“Where’d you go?” I yell, and I hear laughing. I think I hear footsteps so I shine the spot. It’s empty and I keep looking. I walk slowly. Slow is silent and the goal now is to find her with my ears.
I patrol the labyrinth for ten minutes before the loneliness approaches.
“Will you come out?” I ask.
“I’m over here,” she says, and I look toward the grass, which is a good hiding spot since it’s so open. Therefore why would I ever look there?
“Why do you miss me?” she asks.
“It feels like you’ve been gone for so long.”
“I’m glad you love me,” she says.
“I do so much it’s disgusting,” I say, and we laugh about it.
Then I feel a cold spot for sure.
“Do you feel that?” I ask.
“No,” she says.
“You must. It’s probably ten degrees colder now than it was a second ago.”
“The whiskey is keeping you warm,” I say.
“Maybe,” she says.
I spin in a slow circle and hold vigil for the ten headless dead, and wait for them.
“Boo!” she shouts.
First my heart arrests then it resuscitates. I yell, “Shit!” and my blood pumps. I also drop my camera. The flash hits first, then the lens. The glass cracks.
“Fuck!” she says. “Is it alright?”
I tell her it’s not broken so we don’t have to talk about it all night.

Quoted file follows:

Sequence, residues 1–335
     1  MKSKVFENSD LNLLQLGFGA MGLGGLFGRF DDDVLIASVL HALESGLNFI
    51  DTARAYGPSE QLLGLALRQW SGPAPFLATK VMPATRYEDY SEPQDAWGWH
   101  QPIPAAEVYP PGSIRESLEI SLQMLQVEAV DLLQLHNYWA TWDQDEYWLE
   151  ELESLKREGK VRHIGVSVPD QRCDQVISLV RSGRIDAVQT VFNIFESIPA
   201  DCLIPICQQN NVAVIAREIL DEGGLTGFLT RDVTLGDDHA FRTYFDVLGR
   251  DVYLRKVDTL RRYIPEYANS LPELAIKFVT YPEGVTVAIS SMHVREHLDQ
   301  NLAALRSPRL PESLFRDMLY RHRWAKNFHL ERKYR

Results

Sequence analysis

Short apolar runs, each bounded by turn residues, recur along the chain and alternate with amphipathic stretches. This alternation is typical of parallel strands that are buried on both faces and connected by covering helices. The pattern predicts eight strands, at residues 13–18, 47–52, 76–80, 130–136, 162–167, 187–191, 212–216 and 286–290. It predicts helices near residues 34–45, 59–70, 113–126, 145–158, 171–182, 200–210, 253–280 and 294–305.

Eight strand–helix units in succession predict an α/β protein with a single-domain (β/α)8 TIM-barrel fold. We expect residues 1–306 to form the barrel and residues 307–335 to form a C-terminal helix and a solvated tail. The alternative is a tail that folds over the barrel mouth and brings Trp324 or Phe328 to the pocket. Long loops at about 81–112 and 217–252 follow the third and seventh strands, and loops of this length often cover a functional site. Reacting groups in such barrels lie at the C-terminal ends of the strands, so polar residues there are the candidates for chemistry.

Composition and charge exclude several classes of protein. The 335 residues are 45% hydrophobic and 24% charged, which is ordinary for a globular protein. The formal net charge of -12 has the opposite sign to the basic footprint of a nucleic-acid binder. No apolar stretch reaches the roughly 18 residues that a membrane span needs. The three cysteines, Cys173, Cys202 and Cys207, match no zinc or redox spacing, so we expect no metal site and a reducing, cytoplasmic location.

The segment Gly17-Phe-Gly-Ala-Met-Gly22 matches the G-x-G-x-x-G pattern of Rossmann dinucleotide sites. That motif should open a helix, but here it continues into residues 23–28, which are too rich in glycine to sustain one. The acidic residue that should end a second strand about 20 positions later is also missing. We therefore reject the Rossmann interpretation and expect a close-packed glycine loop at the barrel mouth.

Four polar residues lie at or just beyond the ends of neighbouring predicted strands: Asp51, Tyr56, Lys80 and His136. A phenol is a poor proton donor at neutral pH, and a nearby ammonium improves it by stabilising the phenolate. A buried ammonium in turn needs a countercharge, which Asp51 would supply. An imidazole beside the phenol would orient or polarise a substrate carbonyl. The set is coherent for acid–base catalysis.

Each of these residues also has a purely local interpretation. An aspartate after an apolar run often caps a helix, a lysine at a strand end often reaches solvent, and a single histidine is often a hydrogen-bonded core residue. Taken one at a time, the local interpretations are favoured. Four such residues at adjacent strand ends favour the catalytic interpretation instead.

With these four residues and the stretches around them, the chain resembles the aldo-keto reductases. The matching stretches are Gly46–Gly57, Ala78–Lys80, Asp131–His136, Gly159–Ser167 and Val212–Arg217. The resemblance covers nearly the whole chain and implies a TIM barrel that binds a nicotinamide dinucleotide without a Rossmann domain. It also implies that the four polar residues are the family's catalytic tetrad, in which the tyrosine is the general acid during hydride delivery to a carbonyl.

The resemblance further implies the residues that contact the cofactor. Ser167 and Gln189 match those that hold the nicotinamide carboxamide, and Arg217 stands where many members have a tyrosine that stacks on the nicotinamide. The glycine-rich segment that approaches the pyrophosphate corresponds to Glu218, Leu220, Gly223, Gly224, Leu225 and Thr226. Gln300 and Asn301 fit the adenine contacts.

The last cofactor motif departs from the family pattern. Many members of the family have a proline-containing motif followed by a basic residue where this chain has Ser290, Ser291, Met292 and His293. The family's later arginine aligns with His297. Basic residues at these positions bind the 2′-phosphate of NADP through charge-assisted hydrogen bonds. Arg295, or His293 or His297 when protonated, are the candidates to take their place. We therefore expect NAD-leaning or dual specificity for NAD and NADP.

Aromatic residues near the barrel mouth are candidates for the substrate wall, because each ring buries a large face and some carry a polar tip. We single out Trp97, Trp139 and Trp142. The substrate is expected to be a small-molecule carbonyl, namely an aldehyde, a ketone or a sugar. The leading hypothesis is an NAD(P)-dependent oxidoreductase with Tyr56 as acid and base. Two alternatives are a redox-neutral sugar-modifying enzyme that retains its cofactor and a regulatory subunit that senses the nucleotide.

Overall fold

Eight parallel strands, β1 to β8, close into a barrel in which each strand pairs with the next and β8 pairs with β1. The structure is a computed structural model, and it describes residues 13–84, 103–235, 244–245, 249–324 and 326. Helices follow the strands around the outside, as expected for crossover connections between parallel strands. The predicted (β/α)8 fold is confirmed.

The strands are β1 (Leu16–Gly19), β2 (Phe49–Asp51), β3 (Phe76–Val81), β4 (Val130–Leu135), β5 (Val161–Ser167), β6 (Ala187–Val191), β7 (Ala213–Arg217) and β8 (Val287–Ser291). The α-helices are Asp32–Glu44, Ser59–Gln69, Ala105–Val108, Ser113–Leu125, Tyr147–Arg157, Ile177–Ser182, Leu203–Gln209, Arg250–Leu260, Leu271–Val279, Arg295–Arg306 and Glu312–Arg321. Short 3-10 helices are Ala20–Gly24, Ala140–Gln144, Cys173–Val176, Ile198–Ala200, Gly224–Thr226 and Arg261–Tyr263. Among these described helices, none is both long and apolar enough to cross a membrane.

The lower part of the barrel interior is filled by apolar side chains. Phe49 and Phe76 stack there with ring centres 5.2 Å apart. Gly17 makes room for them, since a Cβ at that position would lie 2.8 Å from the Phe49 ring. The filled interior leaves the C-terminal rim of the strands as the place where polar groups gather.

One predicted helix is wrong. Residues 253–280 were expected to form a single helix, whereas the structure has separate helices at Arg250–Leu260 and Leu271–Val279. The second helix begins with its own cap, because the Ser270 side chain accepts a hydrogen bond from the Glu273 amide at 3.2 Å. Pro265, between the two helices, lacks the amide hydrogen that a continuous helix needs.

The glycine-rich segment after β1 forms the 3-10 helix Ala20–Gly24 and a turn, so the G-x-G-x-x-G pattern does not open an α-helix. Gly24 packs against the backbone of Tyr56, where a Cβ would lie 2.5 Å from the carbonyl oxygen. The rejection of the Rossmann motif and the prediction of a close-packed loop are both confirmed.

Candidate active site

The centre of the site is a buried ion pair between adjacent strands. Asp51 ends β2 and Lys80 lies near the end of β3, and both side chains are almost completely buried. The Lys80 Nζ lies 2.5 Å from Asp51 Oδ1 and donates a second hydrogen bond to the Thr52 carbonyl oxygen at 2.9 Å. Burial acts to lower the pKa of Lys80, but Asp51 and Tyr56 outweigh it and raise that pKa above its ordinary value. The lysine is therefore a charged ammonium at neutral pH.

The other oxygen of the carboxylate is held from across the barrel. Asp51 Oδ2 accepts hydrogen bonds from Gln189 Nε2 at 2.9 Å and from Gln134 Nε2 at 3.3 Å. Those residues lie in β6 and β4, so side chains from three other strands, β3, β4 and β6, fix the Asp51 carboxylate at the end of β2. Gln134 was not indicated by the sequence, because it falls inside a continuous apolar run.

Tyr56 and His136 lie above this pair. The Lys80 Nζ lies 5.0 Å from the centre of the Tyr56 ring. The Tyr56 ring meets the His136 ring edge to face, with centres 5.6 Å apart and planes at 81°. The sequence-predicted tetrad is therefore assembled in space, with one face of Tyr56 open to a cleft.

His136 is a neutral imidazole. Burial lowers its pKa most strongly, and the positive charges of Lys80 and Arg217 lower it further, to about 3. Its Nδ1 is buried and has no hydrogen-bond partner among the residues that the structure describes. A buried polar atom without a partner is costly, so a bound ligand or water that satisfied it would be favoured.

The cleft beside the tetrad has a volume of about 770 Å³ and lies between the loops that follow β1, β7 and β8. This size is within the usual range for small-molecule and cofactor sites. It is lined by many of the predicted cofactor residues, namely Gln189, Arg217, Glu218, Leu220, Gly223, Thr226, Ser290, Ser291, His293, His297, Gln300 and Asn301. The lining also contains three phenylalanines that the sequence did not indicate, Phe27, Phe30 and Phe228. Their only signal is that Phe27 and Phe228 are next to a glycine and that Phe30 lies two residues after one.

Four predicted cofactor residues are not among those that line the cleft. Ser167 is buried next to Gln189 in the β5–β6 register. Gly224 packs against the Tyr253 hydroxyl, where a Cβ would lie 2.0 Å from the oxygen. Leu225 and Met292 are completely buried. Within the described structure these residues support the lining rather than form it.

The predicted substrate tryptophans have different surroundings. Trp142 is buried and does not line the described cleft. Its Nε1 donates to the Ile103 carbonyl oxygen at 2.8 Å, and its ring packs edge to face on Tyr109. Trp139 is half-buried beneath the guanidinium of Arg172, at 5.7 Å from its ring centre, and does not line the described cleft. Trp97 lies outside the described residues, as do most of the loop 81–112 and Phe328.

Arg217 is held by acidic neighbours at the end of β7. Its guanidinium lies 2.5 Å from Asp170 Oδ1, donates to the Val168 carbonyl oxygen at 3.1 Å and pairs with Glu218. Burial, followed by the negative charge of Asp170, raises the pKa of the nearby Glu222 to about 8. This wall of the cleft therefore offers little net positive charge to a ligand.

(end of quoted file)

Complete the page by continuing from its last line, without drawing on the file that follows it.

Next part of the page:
“This is a pointless exercise in failure,” she says after I calm down.
“What specifically?” I ask.
“Hunting something that isn’t real.”
“We’re not hunting.”
“Whatever you want to call it,” she says.
“Go back to the inn if you want,” I say.
“What I want is to go back to the inn and rip your clothes off once we get there,” she says. “But I can’t rip your clothes off if you don’t come with me. Get it?”
I can feel myself getting mad at her again.
“Is this a joke to you?” I ask.
“No,” she says, and I’m thinking god dammit why can’t I figure her out. I’ve had so much practice. Ten years and increasing every second.
“I don’t like games when I don’t know I’m playing them,” I say.
“This isn’t a game,” said Juniper. “I told you that.”
Photo Credit: Ian Bassingthwaighte
There’s one game I enjoy playing. It’s ours, and I don’t think there’s a name for it. We simply get drunk and talk about what dead people would’ve done with more time. Lincoln would’ve started another war because he was so good at winning the first one. Anne Frank would’ve been a movie star. And Hemingway would’ve written his first bad book.